By Tirthankar Mitra
Arguably, the most influential music band, The Beatles used their platform to spread love and peace in a troubled time. The last song of The Beatles remind the audience why the audience fell in love with the mop-topped boys from Liverpool.
It is “Now and Then”. It is a moot question whether the last two Beatles, Paul McCartney and Ringo Starr should have gone ahead sans consent from their late band mates, John Lennon and George Harrison to release a brand new song.
The band broke up 53 years ago. Yet there has always been the faintest sense that there was still more to come. Nothing really does. At least not in the era that has seen ABBA’s return to live music after 40 years and the exhumation of Francis Crane, Carrie Bradshaw and Luke Skywalker.
“Now and Then” was written and demoed on tape in 1978:by John Lennon. It was drafted as a Beatles track in the 1990s by three surviving members but it was scrapped due to poor audio quality on the original recording. It was brought back to life by Peter Jackson’s AI technology. Setting aside purists’ anxieties all four members of the band have sung or played in “Now and Then”.
Like Paul McCartney recoding a guiter solo in the style of George Harrison as a tribute. Producer Giles Martin (son of legendary Beatles collaborator, George Martin) pulling snippets of vocals from older Beatles tracks to create their four part harmonies.
If it was greeted with scepticism, given its present trajectory “Now and Then” is well on its way to becoming a chart topper. It has been embraced by fans and there is no denying the fact that the last Beatles song is a hit.
“Now and Then” billed the final Beatles single, can’t live up to “Let it Be”, “Strawberry Fields Forever” or whichever is one’s personal favourite Beatles song. It began as a modest demonstration and has been blown out into a credible full-band production. It is a heartfelt, lovingly rendered song which is high on curiosity value. And the present generation does not ask for more.
Perhaps McCartney and Starr, both above 80, are trying to ensure that that the Beatles stay relevant six decades after this foursome band came together to make music history. Nothing wrong in that as the famous want to retain their fame long after they and their works have become a part of history.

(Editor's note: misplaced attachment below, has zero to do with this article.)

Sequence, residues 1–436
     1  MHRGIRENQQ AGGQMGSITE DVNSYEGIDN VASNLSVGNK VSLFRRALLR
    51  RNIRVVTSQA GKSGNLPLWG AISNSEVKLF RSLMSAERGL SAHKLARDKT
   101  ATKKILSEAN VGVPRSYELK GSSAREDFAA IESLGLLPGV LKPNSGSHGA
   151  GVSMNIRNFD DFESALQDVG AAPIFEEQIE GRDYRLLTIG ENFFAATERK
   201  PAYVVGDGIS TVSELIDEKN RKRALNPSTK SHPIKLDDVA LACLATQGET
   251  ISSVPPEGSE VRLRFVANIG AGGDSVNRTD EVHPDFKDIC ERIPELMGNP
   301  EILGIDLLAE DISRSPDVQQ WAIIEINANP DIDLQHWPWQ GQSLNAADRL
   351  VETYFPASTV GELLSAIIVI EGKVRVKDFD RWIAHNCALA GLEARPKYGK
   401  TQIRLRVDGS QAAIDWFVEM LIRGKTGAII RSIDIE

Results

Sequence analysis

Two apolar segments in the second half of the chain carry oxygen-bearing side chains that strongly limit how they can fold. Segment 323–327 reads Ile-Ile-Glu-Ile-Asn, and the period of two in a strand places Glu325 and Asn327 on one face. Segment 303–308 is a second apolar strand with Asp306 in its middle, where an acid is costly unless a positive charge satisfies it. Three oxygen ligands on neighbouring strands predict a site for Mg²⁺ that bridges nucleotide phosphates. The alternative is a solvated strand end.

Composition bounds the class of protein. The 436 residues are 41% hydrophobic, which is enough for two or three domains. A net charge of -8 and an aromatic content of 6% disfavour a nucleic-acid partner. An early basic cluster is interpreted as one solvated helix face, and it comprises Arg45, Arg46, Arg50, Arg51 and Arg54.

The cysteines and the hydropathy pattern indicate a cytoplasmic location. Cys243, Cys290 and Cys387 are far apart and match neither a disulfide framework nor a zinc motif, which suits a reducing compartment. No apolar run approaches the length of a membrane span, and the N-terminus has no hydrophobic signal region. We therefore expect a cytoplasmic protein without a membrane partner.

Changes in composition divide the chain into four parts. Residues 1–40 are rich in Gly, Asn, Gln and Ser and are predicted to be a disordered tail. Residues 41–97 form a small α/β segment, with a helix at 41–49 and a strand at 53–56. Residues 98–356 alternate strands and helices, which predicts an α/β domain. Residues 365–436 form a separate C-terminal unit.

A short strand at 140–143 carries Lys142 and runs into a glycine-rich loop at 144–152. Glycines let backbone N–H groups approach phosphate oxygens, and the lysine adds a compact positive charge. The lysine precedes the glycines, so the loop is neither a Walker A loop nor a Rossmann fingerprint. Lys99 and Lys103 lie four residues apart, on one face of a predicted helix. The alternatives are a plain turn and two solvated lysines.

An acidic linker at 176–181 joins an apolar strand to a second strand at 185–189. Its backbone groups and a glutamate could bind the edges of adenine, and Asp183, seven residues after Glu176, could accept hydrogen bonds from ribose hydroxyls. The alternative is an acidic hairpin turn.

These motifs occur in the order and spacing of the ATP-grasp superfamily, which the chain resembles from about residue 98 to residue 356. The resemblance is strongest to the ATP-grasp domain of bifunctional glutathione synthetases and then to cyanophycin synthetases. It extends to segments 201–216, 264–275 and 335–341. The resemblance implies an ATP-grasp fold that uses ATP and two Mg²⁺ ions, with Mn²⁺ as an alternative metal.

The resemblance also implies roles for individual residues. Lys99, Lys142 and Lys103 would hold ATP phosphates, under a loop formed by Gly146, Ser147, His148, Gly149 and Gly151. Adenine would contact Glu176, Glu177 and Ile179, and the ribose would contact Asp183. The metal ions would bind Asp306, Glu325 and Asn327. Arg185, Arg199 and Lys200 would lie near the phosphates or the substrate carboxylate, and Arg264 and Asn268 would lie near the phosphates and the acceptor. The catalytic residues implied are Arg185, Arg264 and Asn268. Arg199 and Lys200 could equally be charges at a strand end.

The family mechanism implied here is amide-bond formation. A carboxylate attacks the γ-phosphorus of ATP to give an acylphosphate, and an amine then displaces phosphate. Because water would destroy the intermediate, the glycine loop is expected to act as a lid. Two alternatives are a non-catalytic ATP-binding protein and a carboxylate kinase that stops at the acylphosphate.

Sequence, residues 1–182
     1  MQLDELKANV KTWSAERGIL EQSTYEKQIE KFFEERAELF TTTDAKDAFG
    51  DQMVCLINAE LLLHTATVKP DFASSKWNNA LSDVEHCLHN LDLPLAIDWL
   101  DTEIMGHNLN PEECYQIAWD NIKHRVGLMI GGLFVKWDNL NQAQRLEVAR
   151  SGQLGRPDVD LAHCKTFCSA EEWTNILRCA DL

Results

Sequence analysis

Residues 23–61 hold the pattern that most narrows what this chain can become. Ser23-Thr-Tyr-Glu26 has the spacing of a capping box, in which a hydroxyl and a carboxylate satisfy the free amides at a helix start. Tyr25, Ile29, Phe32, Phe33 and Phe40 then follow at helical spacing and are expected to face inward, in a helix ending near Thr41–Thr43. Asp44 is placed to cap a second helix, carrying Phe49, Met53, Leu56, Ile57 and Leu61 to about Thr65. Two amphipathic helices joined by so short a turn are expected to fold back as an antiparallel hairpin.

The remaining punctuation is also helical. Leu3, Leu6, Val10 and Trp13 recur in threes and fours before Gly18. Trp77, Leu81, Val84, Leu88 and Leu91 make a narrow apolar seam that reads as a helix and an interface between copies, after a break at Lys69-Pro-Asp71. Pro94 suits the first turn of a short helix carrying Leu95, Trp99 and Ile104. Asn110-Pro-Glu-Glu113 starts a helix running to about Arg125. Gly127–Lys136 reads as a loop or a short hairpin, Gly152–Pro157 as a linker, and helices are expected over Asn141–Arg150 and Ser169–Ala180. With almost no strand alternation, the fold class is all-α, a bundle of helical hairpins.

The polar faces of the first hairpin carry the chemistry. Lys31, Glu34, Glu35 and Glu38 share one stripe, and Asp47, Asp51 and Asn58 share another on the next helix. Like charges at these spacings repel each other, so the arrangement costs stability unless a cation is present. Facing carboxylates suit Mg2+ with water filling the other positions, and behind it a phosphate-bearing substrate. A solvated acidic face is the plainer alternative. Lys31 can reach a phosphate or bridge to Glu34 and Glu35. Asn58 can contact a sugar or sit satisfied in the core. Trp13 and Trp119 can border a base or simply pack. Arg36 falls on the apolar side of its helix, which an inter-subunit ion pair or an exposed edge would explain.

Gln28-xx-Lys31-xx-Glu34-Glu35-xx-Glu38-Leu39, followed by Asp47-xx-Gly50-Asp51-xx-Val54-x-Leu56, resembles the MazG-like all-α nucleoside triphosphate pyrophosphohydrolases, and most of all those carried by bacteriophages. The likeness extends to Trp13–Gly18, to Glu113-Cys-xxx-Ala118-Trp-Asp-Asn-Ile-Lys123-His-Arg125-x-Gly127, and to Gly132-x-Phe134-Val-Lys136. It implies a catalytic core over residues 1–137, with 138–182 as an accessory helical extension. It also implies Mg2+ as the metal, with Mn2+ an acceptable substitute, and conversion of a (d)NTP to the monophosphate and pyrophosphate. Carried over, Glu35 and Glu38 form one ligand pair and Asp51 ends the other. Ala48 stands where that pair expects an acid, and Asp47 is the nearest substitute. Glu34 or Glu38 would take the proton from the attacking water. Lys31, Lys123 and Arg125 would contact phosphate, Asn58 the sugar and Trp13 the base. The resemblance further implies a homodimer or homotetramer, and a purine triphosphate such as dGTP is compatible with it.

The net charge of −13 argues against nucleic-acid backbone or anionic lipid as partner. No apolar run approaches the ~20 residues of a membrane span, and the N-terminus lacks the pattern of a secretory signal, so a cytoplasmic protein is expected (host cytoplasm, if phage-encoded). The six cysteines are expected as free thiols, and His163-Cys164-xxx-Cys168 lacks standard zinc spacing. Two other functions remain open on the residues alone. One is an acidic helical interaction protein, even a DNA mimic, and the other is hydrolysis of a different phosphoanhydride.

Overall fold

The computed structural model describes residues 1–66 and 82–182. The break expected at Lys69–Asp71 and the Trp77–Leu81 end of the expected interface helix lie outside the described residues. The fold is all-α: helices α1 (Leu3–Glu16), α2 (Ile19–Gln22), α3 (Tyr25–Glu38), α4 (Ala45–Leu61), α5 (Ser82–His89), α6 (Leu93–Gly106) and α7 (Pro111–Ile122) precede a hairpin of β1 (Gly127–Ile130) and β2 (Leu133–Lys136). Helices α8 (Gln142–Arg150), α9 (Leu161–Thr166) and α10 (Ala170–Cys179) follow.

One cannot dismiss as doubting Thomases those who ask where exactly the track fits into the Beatles’ vast influential body of work. It is certainly not an irrelevant question which wonders whether this a mere commercial project, a venture designed to cash in on most storied names of pop music? It is all of this and something more. It is an offering from McCartney and Starr to Lennon and Harrison as well as the Beatles fans, old and new.
Defining “Now and Then” is not a difficult job. Perhaps it cannot be spoken of in the same breath as done other Beatles song but it is certainly lovely and wispy that would take away some of one’s blues on a chilly evening.
It is a surprising and welcome exhibition of emotions from the living members of the Beatles. After all, they are not known wearing their heart on their sleeves. “Now and Then” is a marker of time that feels both non-committal and a little self protective. The strongest thrust of emotion in this song is the baggage that it brings to listeners.
The apocryphal tale goes that the last words spoken by John to Paul were “Think of me every now and then, old friend.” A few months later John was shot dead in New York City, McCartney was brought to tears after hearing the phrase, coincidentally a song the musician Carl Perkins had written.
A decade later, Lennon’s widow Yoko Ono gifted the Beatles that would become “Now and Then”. Those parting words of Lennon haunted McCartney once again. We the Beatles fans share Paul’s feelings. Owing to our empathy with Paul, we are enjoying “Now and Then” all the more. (IPA Service)